Our trips to grandmas on the day after Christmas were filled with laughter and anticipation. Not for the gifts, we all got underwear, but for the fun. When I turned eight, my grandma gave me my first Bible. It was a real Bible, not a kids Bible with all pictures. This one had every word of the stories. When she handed it to me she said, “I think you might be a minister some day.” Thank you grandma for believing in me.

The cover fell off that old Bible and several of the stories just fell out. Eventually I had to let it go. But I do remember. Isn’t remembering one of the greatest gifts? I am not sure we get to pick and choose what we remember, and sometimes memories pop up unexpected. I do though know that the week after Christmas has always been one of my favorite weeks of the year. Be conscious of the memories we create for each other during this blessed week.

Grace & Peace 12-28-2015

LQPCRU2ZOP“God is good”  Romans 12:1-2

“Therefore, I urge you, brothers, in view of God’s mercy. To offer your bodies as living sacrifices, holy and pleasing to God—this is your spiritual act of worship.  Do not conform any longer to the pattern of this world, but be transformed by the renewing of your mind.  Then you will be able to test, and approve what God’s will is—his good, pleasing, and perfect will.”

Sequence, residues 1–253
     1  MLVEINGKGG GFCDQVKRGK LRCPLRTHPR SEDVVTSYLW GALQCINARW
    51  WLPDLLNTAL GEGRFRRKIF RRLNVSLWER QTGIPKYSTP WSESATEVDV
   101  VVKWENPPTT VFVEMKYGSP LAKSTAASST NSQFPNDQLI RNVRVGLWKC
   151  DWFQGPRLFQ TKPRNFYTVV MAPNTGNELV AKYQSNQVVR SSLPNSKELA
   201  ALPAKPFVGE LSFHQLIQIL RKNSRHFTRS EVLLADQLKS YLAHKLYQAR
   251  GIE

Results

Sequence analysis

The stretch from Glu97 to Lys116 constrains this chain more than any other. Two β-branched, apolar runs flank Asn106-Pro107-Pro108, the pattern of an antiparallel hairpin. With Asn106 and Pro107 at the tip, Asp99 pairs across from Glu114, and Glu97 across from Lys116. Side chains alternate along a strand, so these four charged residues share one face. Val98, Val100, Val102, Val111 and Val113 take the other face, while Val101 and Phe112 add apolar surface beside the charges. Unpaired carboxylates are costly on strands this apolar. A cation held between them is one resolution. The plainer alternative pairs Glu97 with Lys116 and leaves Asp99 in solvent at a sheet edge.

“His good, pleasing, and perfect will.”  As we enter this new year, we are reminded again of God’s goodness.  This is an election year.  We all dread the infighting and character assassination we know is coming.  I for one do not look forward to the lies I will hear about how change will come.  The only real change we need is humility.  We have overvalued ourselves far too long and left no room for God in our great country.  As we approach 2016, let each of us humble ourselves and remember God’s mercy, meditate upon his sacrifice at Golgotha that renews our lifeless souls and gives birth to our offerings.  May Wesley be a light in the darkness for people, and may God richly bless you with His loving spirit.  May we all know His great love as He seeks to really change the world.

As we traverse the stories of this year, it will be ever so difficult at times to remember that God has a good and pleasing will.  Many of us will face difficult circumstances, powerful storms of life.  So let us go forth boldly into tomorrow, holding fast this truth:  God looked down upon us, and in spite of everything he saw, He said we were worth it.  Have a blessed 2016.